Fast-Food Workers Have Won the Wage Fight in New York

Gov. Andrew Cuomo is calling for a minimum-wage increase for all workers.

(Photo: Flickr)

Sep 11, 2015· 2 MIN READ
Tove Danovich is a journalist based in Portland, Oregon.

Fast-food workers in New York state are getting a big raise. On Sept. 10, New York accepted a wage board’s recommendation to raise the pay of fast-food employees to $15 an hour by 2021. Like many low-wage workers, these employees have been struggling to make ends meet at a minimum wage of roughly $8 an hour—which amounts to an average annual income of $16,920. Half of all fast-food workers are over the age of 23, according to a report by the Center for Economic and Policy Research, and nearly a quarter of all employees have at least one child.

But chain restaurants aren’t the only place where minimum-wage workers are struggling. While some 200,000 fast-food workers in the state—the raise applies to employees of chains with 30 or more locations—are set to benefit from the wage hike, Gov. Andrew Cuomo said on Thursday that he wants a state minimum wage of $15 an hour, which would benefit nearly 3 million residents.

“A study was released just this week that showed that there is not a single neighborhood in New York City that is affordable to someone earning the minimum wage,” said Cuomo, flanked by Vice President Joe Biden, in a Thursday press conference featuring plenty of blue-collar Bruce Springsteen anthems.

“The truth is, it’s wrong to have an economy where the rich get richer while the poor get poorer, where the American dream of mobility and opportunity has become more of a cruel myth,” Cuomo continued. Though cities including Seattle, San Francisco, and Los Angeles are phasing in a $15 local minimum wage, New York would be the first to adopt the policy statewide if the measure passes.

The fast-food wage increase won’t just affect employees’ paychecks but those of New York taxpayers as well. Sixty percent of fast-food workers in New York are enrolled in one or more public assistance programs. Nationally, almost half of all fast-food jobs provide only 20 to 35 hours a week of employment, and only 13 percent of employees receive health benefits.

This industry has been at the forefront of efforts to raise the minimum wage since the first protest for a $15 minimum wage took place in New York City in 2012. Roughly 200 workers from McDonald’s, KFC, and other chains went on strike, sparking what would become a national movement.

In three years, the public has come a long way from insisting that only teens or college students working over the summer take minimum-wage jobs at fast-food joints. As a 2013 report from the UC Berkeley Labor Center found, “The restaurants and food services sector has the highest public program participation rate of any industry.” Funding the public assistance programs that more than half of fast-food workers are enrolled in—more than twice the rate of the average American worker—costs $7 billion annually.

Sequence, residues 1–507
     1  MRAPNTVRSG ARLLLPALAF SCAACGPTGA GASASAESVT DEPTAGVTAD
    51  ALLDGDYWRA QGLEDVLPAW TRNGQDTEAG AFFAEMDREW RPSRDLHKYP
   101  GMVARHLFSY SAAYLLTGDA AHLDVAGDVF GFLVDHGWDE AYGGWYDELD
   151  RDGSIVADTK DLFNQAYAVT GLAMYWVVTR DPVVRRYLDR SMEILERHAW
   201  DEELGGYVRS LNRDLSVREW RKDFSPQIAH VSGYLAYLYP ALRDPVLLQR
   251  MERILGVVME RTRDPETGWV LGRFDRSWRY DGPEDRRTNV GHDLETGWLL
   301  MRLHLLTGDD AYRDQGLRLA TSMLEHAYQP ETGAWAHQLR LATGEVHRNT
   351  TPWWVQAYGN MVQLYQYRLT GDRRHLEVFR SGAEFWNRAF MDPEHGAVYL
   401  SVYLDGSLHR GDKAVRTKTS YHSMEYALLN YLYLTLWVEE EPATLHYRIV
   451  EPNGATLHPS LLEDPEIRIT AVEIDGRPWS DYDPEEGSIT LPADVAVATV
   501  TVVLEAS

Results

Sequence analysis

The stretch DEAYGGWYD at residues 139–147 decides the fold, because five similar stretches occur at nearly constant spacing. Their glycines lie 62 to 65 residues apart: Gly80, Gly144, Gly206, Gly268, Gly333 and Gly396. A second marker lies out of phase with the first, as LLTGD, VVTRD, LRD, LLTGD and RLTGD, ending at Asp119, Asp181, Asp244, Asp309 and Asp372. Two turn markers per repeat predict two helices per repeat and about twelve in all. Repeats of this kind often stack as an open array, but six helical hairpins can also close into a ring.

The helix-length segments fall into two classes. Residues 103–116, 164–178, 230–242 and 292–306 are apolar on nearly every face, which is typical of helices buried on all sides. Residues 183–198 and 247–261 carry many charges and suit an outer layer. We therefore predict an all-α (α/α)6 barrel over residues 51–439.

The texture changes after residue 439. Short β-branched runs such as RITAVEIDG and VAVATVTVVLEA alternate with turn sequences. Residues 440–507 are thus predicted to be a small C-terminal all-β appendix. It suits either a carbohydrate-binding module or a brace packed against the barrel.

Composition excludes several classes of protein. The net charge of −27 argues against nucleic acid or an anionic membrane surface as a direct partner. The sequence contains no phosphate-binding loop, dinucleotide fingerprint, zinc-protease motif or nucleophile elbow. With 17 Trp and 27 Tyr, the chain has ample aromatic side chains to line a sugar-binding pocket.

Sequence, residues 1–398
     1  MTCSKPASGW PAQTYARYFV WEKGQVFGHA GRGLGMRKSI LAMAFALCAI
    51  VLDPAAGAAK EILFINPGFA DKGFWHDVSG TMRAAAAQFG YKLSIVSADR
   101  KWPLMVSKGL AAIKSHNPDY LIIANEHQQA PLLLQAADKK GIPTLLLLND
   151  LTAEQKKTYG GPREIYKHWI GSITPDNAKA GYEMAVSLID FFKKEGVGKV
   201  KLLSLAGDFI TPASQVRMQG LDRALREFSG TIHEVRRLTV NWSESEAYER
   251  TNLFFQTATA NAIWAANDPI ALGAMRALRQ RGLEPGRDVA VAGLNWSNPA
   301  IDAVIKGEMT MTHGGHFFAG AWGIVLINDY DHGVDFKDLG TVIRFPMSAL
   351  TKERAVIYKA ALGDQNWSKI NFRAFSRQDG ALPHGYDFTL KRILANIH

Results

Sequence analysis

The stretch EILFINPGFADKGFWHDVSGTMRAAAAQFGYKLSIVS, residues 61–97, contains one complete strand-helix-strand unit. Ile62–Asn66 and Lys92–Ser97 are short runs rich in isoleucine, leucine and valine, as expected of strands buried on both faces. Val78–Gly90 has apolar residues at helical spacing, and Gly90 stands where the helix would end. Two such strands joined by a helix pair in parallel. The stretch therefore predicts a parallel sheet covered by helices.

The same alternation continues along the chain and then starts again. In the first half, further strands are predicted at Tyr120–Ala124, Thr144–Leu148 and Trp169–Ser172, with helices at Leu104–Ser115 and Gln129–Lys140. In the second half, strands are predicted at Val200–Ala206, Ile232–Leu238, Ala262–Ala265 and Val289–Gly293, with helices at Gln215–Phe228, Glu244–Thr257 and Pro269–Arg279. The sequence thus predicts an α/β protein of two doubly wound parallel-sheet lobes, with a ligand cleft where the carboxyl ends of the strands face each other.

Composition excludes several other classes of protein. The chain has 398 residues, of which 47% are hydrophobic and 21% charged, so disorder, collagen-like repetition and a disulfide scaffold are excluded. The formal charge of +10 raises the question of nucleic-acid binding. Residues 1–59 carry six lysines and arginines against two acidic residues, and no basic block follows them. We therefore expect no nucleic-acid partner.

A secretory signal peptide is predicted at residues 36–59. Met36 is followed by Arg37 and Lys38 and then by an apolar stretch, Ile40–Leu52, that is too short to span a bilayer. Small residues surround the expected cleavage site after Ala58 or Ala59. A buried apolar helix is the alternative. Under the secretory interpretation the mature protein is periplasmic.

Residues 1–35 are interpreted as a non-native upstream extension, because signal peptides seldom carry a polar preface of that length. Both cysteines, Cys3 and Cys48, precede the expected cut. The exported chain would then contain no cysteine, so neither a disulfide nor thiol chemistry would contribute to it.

With more workers in low-wage jobs across the board in the wake of the Great Recession, the $15 wage fast-food workers have been fighting for has become the benchmark for a new minimum wage among progressives—and a talking point in the run-up to the 2016 presidential primaries.

In July, Sen. Bernie Sanders, who hopes to be the Democratic nominee for president in 2016, introduced a bill to raise the federal minimum wage to $15. While Hillary Clinton has supported local efforts to raise wages, her position on a federal policy remains unclear. Donald Trump told MSNBC’s Morning Joe, “I think having a low minimum wage is not a bad thing for this country.” Meanwhile, Jeb Bush and Scott Walker have stated that they don’t believe a minimum wage is necessary at all.

Businesses including McDonald’s and Panera have responded to the threat of increased personnel costs by adopting touch-screen kiosks to replace cashiers. Fast food is just one of many food-service sectors worried about a higher minimum wage. Some restaurant owners who typically pay front-of-house employees such as servers and bartenders a reduced “tipped wage” also worry about the effect of an increase to payroll.

But the fast-food workers who have been fighting for higher wages see the New York proposal for a $15 state minimum wage as a sea change.

“When we first went on strike three years ago, nobody gave us a shot to win $15,” Alvin Major, who works at a KFC in Brooklyn and is a member of the National Organizing Committee of the Fight for $15, said in a press release. “But we stuck together, went on nine more strikes, and even got arrested. Our voices were heard. Gov Cuomo heard us; Vice President Biden heard us; and workers all over the country heard us, joining together in what has become an unstoppable movement that is changing lives and changing the country.”